Guests aboard MSC Cruises’ MSC Seaside have noticed a new addition to the main dining room menu – a surcharge for additional entrees.

This follows similar policies implemented onboard both Carnival Cruise Line and Royal Caribbean International ships in the past year, and is part of a growing trend on cruise ships.

Guests currently sailing on MSC Seaside have reported a new charge in the ship’s two main dining rooms – a $5 (USD) surcharge. The notation is listed on the menu and is only listed for entrees: “a surcharge of $5 for second entree or more applies.”

This new charge is an unwelcome surprise to many cruise travelers who are becoming increasingly dissatisfied with the perceived “nickel and diming” on cruises, when a seemingly inexpensive base fare is augmented by multiple extra fees.

MSC Cruises Dining (Photo Credit: Solarisys / Shutterstock)

Carnival Cruise Line was the first major cruise line to implement such charges in the main dining room in early November 2022, but that cruise line’s $5 surcharge only applies to third, fourth, and more entrees – the first two remain complimentary. MSC Cruises, however, appears to be charging the fee for the second entrée as well.

Royal Caribbean International quickly followed suit with an extra charge in late November 2022, but only applied the fee to broiled lobster tails. The fee is substantially higher, however, at $16.99 per extra tail, plus an 18% gratuity.

MSC Cruises’ extra fee applies to all types of entrees. While guests onboard MSC Seaside have confirmed the charge, it is not yet known whether the charge is being implemented fleetwide or if it may be in a test phase aboard limited ships or select sailings.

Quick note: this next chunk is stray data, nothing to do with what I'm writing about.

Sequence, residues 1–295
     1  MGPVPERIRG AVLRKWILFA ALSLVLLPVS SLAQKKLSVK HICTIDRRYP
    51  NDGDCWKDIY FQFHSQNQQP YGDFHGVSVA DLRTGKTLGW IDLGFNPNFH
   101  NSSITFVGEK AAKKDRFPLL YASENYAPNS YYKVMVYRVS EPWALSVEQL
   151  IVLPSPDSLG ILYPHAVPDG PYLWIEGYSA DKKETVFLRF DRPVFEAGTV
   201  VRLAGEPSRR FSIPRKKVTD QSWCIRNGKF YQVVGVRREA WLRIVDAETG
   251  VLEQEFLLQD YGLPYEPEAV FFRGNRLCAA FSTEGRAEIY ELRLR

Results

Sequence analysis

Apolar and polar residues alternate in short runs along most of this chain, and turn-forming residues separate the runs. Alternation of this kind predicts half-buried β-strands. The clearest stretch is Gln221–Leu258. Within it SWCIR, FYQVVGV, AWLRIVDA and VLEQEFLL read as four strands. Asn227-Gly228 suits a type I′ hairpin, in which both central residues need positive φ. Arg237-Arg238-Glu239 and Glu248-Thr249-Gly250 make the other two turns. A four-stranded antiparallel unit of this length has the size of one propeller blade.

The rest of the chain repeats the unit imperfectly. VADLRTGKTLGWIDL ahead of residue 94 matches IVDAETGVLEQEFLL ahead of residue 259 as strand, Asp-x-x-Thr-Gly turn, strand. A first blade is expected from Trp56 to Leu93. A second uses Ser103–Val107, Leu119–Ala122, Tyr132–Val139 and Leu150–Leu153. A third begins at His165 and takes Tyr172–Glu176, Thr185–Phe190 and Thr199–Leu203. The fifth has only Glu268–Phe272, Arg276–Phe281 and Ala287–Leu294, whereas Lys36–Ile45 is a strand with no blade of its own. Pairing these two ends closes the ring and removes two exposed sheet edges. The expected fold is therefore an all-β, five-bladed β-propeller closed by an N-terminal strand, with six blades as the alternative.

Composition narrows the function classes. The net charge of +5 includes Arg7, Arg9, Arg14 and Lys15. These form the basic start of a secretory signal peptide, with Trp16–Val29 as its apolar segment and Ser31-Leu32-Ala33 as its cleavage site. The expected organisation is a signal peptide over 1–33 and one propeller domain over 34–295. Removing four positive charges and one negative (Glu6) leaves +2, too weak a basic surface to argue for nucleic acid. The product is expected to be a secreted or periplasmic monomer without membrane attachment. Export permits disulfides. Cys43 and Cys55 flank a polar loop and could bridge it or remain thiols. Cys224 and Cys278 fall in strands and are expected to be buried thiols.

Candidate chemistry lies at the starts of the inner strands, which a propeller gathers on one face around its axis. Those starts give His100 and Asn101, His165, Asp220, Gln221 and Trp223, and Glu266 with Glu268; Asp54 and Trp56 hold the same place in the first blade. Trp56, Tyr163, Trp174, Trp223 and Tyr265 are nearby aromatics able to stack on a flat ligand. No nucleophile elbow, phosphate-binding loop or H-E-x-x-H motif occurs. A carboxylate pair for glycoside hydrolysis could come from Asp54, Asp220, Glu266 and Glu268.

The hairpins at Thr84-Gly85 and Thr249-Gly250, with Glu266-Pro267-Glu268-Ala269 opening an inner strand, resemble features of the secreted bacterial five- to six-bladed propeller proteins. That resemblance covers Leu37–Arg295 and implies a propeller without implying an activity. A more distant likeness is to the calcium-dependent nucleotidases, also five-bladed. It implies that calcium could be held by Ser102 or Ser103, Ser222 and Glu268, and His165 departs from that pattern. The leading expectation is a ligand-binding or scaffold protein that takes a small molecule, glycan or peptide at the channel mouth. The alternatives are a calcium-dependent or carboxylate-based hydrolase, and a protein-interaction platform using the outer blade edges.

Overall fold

Photo Courtesy: MSC Cruises

MSC Seaside is currently homeported from Port Canaveral, offering various itineraries to the Bahamas and Western Caribbean ports of call, including Costa Maya and Cozumel in Mexico, Nassau, and the cruise line’s private island, Ocean Cay MSC Marine Reserve.

In late November, the ship will reposition to homeport from Martinique to offer southern Caribbean sailings through the winter months.

The 150,000-gross ton vessel features 15 passenger decks and can welcome 4,132 guests at double occupancy. In addition to the two main dining rooms onboard, MSC Seaside also offers a variety of other dining venues, including a pizzeria, steakhouse, seafood specialty restaurant, casual buffet, and more.

There has been much speculation about why cruise lines have begun charging extra fees for multiple main dining room entrees, and three main theories have emerged.

Cruise lines have touted the practice as an attempt to help curb food waste, which has significant costs and requires extensive cleanup and disposal. By charging extra fees, cruise lines hope to discourage travelers from choosing multiple entrees “just because” that they may not care to finish. Cruise lines have also noted that higher food prices have led to the need for some extra fees to offset increased costs.

MSC Seaside Cruise Ship (Photo Credit: FabioMitidieri / Shutterstock)

With many cruise passengers enjoying extra entrees of elegant dishes, a nominal fee can also be a very easy revenue stream for cruise lines as they continue to struggle with debt from the 15-month industry-wide pandemic shutdown.

A third explanation for extra entrée charges is that reducing multiple orders can help speed up dining service, particularly for early seatings when dining rooms must be turned over in time for late seatings to begin. Extra orders during late dining times can also slow when the dining room shuts down, creating difficulties with crew scheduling.

Read Also: Top 8 Cruise Trends Travelers Should Be Worried About

It must be noted that the extra charge on all lines – MSC Cruises, Carnival Cruise Line, and Royal Caribbean – only applies to main courses. All guests can still order multiple appetizers and desserts without any extra fees, no matter how many they select.

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